You never know who you're going to meet on the internet and I came to know Peter Tibbles (bio here) via email over the past couple of years. His extensive knowledge of most genres of music and his excellent taste became apparent only gradually (Peter's not one to toot his horn) but once I understood, I knew he needed his own column at Time Goes By - or, better, that TGB needed his column - which appears here each Sunday. You can find previous Elder Music columns here.
Pick your own spelling of his name - English, German or somewhere in between.
Handel was born at Halle in Lower Saxony in 1685, the same year that both Johann Sebastian Bach and Domenico Scarlatti were born. I don’t know if that’s significant or it just means 1685 was a good year for music.
His dad (a barber-surgeon and valet) was opposed to his son's wish to pursue a musical career and wanted George to study law at the local university, but his mum encouraged his musical aspirations. Bit of dissension in the Handel household by the look of it. Dad eventually was persuaded to let him study music with the local church organist.
That’s Handel as a boy.
He acquired a good foundation in counterpoint and organ playing and he was away. Here is some of his organ work, the second movement of the Organ Concerto No 1 in G Min Op 4.
After leaving Halle, he traveled to Hamburg where he became Kapellmeister to George, Elector of Hanover, who would soon be King George I of Great Britain.
That’s Handel, not George One.
After his sojourn in Hamburg, Handel went to Italy. During his stay there, in spite of his reputation, he didn’t seem to have secured any commissions from the Medicis (the local bigwigs). There were rumors that he had a fling with the soprano Vittoria Tarquini, a favorite (and lover) of Prince Ferdinando de' Medici. That would explain a few things; I’m surprised he got out of Italy intact.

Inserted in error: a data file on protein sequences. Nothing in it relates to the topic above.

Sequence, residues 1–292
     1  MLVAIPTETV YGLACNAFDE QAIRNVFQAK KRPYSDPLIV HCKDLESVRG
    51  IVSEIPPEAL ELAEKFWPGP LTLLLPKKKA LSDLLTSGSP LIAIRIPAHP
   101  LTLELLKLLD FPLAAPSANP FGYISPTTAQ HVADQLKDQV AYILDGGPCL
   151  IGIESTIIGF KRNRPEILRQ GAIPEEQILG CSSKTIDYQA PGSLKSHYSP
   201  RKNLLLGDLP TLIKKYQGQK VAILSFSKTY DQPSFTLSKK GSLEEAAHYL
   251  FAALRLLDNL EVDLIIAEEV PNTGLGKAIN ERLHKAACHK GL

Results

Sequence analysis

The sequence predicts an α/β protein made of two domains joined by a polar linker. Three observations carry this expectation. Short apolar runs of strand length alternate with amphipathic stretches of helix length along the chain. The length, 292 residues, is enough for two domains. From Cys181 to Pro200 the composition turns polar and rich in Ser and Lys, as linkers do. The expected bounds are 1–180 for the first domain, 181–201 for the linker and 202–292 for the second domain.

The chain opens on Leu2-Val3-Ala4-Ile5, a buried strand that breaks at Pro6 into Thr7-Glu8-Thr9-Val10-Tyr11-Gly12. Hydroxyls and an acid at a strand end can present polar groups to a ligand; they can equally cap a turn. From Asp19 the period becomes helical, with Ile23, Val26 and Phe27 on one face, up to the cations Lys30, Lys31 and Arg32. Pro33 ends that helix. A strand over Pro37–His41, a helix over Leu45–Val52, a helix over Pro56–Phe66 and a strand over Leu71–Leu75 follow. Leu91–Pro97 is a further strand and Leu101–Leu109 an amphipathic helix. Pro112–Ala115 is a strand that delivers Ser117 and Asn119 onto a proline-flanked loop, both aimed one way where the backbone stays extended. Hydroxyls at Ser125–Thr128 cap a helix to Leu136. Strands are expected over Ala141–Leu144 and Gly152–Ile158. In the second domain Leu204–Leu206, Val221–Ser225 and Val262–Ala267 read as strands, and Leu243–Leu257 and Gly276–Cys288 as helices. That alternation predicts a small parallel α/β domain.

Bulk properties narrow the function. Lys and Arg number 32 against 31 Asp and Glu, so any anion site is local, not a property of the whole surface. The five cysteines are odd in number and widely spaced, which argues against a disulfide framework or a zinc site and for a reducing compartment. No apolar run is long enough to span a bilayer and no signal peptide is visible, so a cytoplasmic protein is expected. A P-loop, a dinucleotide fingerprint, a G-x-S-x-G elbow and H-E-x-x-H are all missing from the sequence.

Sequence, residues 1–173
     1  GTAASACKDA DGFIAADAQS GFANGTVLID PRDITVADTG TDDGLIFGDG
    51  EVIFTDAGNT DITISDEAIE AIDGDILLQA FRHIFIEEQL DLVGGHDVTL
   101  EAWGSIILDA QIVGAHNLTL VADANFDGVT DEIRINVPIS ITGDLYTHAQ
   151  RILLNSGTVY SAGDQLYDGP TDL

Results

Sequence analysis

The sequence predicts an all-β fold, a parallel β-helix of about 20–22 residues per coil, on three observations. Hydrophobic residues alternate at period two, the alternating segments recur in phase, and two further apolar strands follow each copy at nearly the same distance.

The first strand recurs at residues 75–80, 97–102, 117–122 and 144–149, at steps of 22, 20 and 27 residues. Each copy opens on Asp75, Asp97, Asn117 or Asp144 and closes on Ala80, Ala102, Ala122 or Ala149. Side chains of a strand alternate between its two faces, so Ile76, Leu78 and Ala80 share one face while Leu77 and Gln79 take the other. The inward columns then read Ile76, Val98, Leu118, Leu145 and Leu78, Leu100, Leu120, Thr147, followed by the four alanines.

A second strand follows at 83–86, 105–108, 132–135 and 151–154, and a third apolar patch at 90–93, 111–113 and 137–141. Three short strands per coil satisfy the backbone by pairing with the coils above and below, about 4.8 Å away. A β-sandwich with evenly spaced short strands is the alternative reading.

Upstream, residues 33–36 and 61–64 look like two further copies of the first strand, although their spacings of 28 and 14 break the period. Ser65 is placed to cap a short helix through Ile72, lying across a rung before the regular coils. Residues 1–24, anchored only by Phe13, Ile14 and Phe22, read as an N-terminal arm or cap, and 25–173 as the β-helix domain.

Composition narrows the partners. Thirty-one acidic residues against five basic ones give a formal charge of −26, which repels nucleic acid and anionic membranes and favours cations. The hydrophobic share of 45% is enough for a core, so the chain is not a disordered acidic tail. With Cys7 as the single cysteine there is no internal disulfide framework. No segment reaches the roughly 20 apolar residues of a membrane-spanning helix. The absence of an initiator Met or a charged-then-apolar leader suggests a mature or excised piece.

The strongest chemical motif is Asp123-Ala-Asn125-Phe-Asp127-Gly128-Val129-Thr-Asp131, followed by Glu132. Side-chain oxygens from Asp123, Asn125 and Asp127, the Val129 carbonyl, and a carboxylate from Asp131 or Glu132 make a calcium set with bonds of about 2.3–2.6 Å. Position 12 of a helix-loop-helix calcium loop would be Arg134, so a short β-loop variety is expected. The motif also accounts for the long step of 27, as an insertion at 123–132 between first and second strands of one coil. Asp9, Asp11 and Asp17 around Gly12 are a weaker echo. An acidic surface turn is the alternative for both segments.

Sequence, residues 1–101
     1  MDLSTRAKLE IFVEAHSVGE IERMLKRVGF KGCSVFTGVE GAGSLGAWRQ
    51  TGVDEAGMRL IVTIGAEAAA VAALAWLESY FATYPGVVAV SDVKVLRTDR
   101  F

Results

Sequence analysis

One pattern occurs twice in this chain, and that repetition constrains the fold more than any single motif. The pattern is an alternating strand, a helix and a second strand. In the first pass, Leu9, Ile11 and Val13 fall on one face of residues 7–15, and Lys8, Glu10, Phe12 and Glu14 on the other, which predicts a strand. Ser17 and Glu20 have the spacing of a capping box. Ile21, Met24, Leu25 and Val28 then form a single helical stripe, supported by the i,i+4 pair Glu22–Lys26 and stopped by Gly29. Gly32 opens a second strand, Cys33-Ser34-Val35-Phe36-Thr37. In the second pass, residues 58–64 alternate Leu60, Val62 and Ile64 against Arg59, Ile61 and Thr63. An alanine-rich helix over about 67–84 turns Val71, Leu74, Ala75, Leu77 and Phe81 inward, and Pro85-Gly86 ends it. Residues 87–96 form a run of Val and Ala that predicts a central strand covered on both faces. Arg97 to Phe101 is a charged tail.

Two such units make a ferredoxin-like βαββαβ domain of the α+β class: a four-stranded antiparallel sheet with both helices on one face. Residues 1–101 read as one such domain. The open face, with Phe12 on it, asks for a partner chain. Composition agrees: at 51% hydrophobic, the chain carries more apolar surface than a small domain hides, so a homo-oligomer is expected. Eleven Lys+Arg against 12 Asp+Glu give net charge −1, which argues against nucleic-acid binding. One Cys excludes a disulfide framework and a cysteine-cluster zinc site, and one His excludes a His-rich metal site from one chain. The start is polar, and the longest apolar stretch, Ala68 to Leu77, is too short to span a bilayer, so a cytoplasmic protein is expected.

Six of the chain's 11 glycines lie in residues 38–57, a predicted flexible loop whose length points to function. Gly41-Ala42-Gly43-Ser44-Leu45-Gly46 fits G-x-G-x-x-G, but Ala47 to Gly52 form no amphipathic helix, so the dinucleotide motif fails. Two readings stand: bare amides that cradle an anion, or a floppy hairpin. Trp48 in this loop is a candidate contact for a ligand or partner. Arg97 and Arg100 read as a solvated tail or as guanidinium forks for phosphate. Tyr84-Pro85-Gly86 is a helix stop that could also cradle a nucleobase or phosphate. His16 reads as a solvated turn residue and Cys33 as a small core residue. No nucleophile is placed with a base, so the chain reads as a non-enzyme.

While there he wrote the Dixit Dominus. This is Viram virtutis tuae from that, Charles Brett is the counter-tenor.
He then went to England and settled there in 1712, possibly at the behest of his old mate George One, and became a naturalized British subject thus allowing me to say that he was the best British composer ever (pipping Henry Purcell, who died young but was a real contender until then).
That’s Handel, not Purcell.
And this is the Flute Sonata in E Min “Halle” No 2.
The first George (too many Georges in this tale) died and Handel was commissioned to write some anthems for the coronation of George Two who took over his father’s kinging business. One of these anthems, Zadok the Priest, has been played at every British coronation ceremony since. In spite of that, and in spite of it being an over-performed piece, I like it, and here it is.
Handel did extremely well for himself and was not only good with a tune, he was also a canny investor, withdrawing his stake in the market just before the South Seas Bubble burst, only to re-invest again when the market was buoyed by the Bank of England’s rescue package. Hmm, now where have we heard something like that recently?
He was rolling in it when he died. Among other legacies, he left £20,000 (an enormous amount for the day) to a niece. That’s about a gazillion dollars today. He also left gifts to his other relations, servants, friends and to favorite charities (including the wonderfully named Fund for Decay'd Musicians). This is his Concerto Grosso No 3 in G Maj Op 3.
It was probably his wealth that did him in. He was known to indulge in the finer things, the best food and wine and these, almost certainly, caused lead poisoning as wine, beer, gin and various foods were seriously contaminated by lead in those days. Given his excessive intake, he was more exposed than most.
I’ll leave you with the Oboe Concerto No 1 in B flat Maj, Op 3.